In Nigeria, the mandate to lead energy access interventions – projects and programmes especially for rural areas – falls on the Rural Electrification Agency (REA) which is leading government’s effort to electrify rural communities in Nigeria. Unfortunately, in the recent past, REA has failed to provide the leadership that is required of it. Its projects and programmes funded through the Rural Electrification Fund (REF) have failed to build networks of diverse stakeholders, foster and share learning, promote the development of shared visions and support diverse experimentation. Projects have been treated more like a transactional activity than an experimentation and development activity to support learning that will help build systems. Recently, some stakeholders in the renewable energy sector especially project developers, have expressed their displeasure over the contract awarding process in the agency. For instance, the bill of quantities for some of the projects advertised by the agency does not meet industry standards and therefore cannot be executed, even if the projects can work with little or no challenges. The fear is that if solar projects are implemented based on a bill of quantities that are not standardized, not only will the projects fail to deliver on expectations, they will most likely breakdown within a short timeframe, which will start a bad story for solar technology. Project developers in Nigeria are already doing their best to change the bad image given to solar technology over the years due to badly implemented government solar projects. To invest 2 billion Naira of the Rural Electrification Fund on projects which are likely to breakdown in a short time impedes and reverses the efforts of the renewable energy sector to use solar energy to improve energy access in Nigeria. The agency must look at itself as the leading sustainable energy access innovation-system builder who must consciously look at its mandate as not just electrifying rural communities but also building a socio-technical innovation systems. This should be done by applying a broad systemic approach to the way it interacts with other stakeholders, designs and implements policies and interventions.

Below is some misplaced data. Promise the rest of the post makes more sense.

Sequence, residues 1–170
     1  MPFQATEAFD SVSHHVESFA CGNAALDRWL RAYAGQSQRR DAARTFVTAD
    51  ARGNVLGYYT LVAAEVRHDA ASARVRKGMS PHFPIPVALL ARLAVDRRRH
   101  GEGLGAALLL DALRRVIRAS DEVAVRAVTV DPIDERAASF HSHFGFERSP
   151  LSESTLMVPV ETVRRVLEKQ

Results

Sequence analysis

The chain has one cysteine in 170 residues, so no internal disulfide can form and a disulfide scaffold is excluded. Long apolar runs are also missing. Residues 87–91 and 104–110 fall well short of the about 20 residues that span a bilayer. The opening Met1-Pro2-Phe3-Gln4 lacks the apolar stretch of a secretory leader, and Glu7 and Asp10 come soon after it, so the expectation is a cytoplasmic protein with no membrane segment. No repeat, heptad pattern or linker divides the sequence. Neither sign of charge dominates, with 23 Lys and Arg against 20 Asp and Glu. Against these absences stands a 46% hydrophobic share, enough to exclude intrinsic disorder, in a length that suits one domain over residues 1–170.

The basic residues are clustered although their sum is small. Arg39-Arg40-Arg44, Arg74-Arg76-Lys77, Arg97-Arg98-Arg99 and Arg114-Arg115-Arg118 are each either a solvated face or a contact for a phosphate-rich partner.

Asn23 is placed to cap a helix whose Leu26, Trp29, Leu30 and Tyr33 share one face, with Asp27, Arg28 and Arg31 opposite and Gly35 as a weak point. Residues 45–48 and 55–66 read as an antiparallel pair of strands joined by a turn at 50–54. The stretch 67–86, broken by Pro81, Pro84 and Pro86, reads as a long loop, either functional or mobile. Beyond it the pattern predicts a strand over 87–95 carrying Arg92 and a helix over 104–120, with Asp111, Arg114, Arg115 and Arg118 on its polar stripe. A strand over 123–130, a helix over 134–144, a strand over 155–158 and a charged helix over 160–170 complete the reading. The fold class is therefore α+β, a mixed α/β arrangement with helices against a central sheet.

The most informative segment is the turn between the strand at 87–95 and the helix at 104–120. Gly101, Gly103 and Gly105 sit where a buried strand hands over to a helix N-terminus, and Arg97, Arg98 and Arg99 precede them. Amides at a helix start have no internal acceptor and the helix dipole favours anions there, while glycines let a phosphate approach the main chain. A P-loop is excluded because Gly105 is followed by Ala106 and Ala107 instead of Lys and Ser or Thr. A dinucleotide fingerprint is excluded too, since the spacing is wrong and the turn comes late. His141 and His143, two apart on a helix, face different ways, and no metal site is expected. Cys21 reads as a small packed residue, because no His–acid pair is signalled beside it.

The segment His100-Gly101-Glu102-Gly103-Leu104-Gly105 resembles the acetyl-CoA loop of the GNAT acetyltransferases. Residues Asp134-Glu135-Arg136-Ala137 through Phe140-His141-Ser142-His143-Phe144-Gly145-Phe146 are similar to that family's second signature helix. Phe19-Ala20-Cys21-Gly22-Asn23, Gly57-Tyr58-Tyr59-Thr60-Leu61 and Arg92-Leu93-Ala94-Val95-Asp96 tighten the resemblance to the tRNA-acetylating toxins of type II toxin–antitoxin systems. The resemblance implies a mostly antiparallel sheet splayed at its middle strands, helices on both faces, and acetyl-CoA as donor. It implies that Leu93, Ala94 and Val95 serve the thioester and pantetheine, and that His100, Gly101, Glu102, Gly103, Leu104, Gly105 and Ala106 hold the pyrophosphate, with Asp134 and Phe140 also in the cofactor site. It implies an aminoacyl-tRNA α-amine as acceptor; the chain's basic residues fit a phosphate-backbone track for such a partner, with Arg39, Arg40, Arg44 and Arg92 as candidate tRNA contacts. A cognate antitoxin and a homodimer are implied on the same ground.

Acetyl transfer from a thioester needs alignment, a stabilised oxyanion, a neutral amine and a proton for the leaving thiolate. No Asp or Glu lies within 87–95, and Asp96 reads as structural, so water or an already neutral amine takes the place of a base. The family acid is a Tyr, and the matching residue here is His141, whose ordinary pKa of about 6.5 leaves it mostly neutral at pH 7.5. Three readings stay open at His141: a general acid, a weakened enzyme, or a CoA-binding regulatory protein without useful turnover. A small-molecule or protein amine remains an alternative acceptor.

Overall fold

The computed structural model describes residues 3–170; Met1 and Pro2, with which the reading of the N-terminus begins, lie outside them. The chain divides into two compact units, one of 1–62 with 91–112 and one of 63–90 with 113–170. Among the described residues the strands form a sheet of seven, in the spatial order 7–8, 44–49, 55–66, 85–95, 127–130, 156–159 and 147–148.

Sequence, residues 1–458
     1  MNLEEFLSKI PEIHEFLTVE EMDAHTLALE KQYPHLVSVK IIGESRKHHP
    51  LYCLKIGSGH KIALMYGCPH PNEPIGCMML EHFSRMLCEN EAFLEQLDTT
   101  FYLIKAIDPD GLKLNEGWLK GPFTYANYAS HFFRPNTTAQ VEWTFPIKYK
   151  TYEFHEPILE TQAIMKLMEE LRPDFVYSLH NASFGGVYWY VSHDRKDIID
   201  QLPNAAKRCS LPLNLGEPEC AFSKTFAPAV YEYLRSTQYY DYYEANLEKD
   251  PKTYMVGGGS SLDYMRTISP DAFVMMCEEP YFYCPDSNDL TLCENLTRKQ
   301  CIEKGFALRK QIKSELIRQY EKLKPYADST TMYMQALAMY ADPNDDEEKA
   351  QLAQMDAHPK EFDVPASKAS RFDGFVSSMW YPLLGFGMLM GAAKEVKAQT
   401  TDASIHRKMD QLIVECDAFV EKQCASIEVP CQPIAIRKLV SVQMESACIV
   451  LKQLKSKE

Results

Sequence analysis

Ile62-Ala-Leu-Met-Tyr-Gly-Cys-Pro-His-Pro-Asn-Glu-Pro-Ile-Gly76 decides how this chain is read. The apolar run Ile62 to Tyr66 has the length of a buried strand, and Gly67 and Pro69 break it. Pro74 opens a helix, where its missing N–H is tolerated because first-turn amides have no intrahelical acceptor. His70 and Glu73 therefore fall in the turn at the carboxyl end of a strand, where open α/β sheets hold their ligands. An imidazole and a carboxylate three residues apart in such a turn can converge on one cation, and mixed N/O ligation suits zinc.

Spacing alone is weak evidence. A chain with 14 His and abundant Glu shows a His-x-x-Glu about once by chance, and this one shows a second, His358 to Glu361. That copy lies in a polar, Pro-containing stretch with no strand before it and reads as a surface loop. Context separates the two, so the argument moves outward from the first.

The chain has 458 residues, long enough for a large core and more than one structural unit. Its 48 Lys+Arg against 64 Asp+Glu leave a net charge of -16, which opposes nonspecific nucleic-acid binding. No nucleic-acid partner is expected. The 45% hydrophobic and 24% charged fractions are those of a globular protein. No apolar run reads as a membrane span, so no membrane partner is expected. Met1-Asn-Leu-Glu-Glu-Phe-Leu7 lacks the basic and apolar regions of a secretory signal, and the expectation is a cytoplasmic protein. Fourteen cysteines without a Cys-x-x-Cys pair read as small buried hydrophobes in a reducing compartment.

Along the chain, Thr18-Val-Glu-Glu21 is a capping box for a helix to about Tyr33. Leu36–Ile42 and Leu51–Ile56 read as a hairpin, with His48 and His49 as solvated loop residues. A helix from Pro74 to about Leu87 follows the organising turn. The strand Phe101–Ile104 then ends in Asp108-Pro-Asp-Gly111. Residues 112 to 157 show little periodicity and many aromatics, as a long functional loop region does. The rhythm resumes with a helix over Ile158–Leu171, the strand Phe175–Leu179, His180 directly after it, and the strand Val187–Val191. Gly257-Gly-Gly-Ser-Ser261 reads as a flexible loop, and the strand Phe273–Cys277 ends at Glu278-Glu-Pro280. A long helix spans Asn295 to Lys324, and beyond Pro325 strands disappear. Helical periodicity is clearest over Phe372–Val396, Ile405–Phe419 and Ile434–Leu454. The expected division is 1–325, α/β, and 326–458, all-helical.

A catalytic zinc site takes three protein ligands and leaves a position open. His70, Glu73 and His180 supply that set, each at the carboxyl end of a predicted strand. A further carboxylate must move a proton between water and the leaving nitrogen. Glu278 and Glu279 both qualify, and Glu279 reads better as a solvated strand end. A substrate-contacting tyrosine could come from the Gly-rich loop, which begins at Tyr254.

It is interesting to note that recently, the Federal Government inaugurated a new board for the Rural Electrification Agency whose Executive Director (Rural Electrification) is Dr Sanusi Ohiare, who holds a PhD in Rural Electrification. As my friend and colleague, I have reminded Dr Ohiare of the enormous responsibility that he has on his shoulders to ensure with the rest of the board that the right things are done at the agency to help build a sector that is resourceful in effectively meeting its mandate. One that is efficient in assisting to create an enabling environment for energy access and building a renewable energy sector and market that is successful. It is my earnest hope that the new board understands that its projects, programmes, policies, interventions and activities can make or mar the actualization of universal sustainable energy goals in Nigeria and beyond.

 

Okafor Akachukwu is the Energy and Environment Editor, The Initiative for Policy Research and Analysis (InPRA) and a Science Policy Research Unit (SPRU), University of Sussex trained Energy Policy, Innovation and Sustainability Expert. Email: akachukwu_okafor@yahoo.com